In the sole single from their classic 1986 album "The Queen Is Dead," The Smiths croon saccharinely about committing an intense array of vicious activities, including: smashing teeth, bludgeoning the supine and empathizing with flame-roasted martyrs. Conspicuously absent from this musical litany is, achieving contemporary European automotive/pedestrian impact standards. This is not because Morrissey and Marr could not come up with a rhyme for “pedestrian” — given the lyrical prominence of Joan of Arc in said tune, “equestrian” is a rather obvious choice — but rather because these standards were not developed until 2009, 22 years after the group disbanded.
Still, the song in question, “Big Mouth Strikes Again,” could very well have been written about the newly revised 2014 Aston Martin Rapide S, whose muzzly — or, in Aston’s delightful parlance, “metallic full-face” — grille was inspired in no small part by these new regulations. Forged in one monumentally lustrous extrusion, the fascia is spring-clipped to the front of the car in such a manner as to absorb the force of a low-speed collision with a human fibula, thus meeting the (bizarre) new European leg-clobbering standards. Beats the hell out of a plaster cast.
The grille also makes this handsomest of existing sports sedans look even more deliciously savage and brutish — an assessment that we can now back up, experientially, having spent the better part of two days thrashing the Rapide S up and around the Catalonian mountain.
Coming as a surprise to exactly no one, driving the car in these conditions approaches the euphoric, with a chassis that is as delightfully lithe and stiff as men’s gymnastics team on an outing to Cheetah’s, brakes that bind as snug and agreeably as your favorite cashmere turtleneck just after it’s back from the environmentally friendly dry cleaners, and precise steering that provides levels of feedback previously achieved solely during a live performance by Iggy and the Stooges in 1973.
The Rapide is equally congenial on the highway. Some of this is the responsibility of its slightly wider seats, made possible by the removal of Aston’s stubbornly misplaced and finickally turgid handbrake, which occupies the space where your left thigh would prefer to be. Some of it is due to the hidebound nature of the cabin, which features more tightly stretched leather than Cher circa 1989-2003.
But most of the car’s amazing ability to suck down asphalt taffy can be pinned on the newly lighter and lower-mounted 6-liter V-12, which, in addition to being more efficient (or, at 15 mpg combined, “efficient”) now puts out nearly 20 percent more power than the previous engine — that’s 80 additional un-gelded stallions — for a total of 550 hp. Sixty miles an hour comes up as quickly as a quaff of spoiled milk; 120 mph arrives as readily as a second pitcher of margaritas. In fact, we can affirm that the engine is this peppy throughout the legal and extra-legal portions of the gas pedal’s range, a point driven home by the rather esophagal exhaust blather. We cannot think of any other vehicle whose manufacturer does not end in i that partners better with a long stretch of tunnel and a run to the top of second (or third or fourth) gear.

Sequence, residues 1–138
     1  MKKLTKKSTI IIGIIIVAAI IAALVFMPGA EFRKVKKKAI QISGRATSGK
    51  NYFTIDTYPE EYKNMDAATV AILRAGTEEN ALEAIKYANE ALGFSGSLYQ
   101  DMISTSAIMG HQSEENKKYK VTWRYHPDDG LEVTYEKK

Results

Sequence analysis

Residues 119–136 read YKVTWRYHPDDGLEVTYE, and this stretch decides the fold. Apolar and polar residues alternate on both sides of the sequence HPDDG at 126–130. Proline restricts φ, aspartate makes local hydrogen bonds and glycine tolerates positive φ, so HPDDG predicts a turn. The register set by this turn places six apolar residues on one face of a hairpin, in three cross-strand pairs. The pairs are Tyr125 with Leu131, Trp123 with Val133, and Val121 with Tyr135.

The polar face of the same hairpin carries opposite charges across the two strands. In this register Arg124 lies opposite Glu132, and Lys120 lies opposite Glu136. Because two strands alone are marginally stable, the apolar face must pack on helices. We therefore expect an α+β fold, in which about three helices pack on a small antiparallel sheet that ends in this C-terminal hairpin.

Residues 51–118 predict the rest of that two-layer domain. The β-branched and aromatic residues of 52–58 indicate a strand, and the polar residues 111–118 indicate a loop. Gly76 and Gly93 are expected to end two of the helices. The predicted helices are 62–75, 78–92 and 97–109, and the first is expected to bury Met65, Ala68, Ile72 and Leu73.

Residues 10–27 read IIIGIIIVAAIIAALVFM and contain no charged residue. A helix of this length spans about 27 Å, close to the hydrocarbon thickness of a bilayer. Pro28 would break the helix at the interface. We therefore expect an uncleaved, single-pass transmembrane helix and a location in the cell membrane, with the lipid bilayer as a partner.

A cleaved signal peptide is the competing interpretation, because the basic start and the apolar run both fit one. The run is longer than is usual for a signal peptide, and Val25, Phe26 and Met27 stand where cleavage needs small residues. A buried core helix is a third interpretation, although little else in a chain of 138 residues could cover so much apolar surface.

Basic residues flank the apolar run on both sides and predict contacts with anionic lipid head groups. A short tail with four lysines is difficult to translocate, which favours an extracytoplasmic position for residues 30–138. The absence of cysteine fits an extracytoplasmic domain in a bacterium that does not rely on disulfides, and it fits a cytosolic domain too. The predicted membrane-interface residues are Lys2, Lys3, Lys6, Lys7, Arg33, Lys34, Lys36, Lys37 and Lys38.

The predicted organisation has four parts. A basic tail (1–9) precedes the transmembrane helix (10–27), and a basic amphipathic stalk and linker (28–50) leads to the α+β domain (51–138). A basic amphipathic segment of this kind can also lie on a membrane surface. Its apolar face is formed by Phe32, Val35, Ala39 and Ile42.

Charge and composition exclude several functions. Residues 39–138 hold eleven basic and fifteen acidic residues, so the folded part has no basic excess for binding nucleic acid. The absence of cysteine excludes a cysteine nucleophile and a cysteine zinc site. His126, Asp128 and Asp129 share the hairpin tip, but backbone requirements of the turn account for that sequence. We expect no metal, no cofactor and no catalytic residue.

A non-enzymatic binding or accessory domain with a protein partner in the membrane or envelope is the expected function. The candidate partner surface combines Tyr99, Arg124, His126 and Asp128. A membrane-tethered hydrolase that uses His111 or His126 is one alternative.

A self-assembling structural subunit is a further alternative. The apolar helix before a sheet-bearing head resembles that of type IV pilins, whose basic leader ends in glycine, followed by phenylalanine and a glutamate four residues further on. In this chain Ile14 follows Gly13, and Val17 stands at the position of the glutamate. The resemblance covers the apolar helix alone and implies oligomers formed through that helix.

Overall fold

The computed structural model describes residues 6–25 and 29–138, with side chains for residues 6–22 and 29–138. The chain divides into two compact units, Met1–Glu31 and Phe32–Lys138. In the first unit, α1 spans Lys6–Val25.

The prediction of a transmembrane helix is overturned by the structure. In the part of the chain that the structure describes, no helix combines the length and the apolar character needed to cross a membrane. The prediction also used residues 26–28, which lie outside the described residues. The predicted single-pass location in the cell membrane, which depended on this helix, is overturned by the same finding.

We have only two complaints about the car, aside from the fact that we are not permanently in possession of one slathered in the deliciously fathomless, green-undertoned, patinated brown hue that Aston Martin refers to as “bronze.” First, some combination of the car’s ideal weight distribution, high-driveshaft tunnel, stubby greenhouse, and muscular alacrity occasionally makes one feel as if one is rowing a canoe while lying supine a fathom or two below the hull — with the concomitant sense of quease. Also, as nice as it is to have a sports car with a pair of usable rear seats, one should be aware of their limits. We are of average build, and found being ensconced back there for a brief spell akin to experiencing the larval-to-pupal transition, confining silkiness and sense of security included. But we stuffed one of our huskier friends back there, a former high school football type, and it required a giant pair of forceps and a few quarts of local Spanish olive oil to extricate him.
Still, a glimpse of the Aston — or, better yet, a cavalcade of Astons — traveling down the road makes us more than willing to disregard these shortcomings. The car’s beauty is undeniable, and as seductive as it appears in photos or when parked, pales when compared to the impact its cohesively flanged and flared surfaces make as it passes you at speed. (The delicate new rear lip helps, capping the car’s end with a subtle finial.) Aston’s prior experiment with sedans, the Lagonda, may have had the temerarious and angular chutzpah of a Donald Judd sculpture, but the Rapide is pure Serra: sensuous, sinuous, imposing, and impossibly elongated.
We may find the Porsche Panamera and the Ferrari FF more engaging to drive; and each may have a roomier interior, a sharper transmission, and more electronological gewgaws than the Rapide. But if we were spending our own $199,950, we might still place an order for June delivery of this freshened Aston, for its ideally blended perfection of form and function. And mouth.